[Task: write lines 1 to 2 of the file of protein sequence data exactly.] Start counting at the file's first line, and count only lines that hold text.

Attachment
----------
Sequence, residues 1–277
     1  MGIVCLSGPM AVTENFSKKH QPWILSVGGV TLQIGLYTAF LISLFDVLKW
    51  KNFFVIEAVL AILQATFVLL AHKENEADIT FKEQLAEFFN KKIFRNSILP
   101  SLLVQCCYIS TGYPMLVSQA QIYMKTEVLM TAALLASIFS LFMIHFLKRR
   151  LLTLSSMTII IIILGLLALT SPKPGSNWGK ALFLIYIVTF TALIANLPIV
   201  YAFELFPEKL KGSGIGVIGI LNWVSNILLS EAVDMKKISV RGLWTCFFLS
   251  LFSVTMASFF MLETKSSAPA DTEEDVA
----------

Sequence, residues 1–277
     1  MGIVCLSGPM AVTENFSKKH QPWILSVGGV TLQIGLYTAF LISLFDVLKW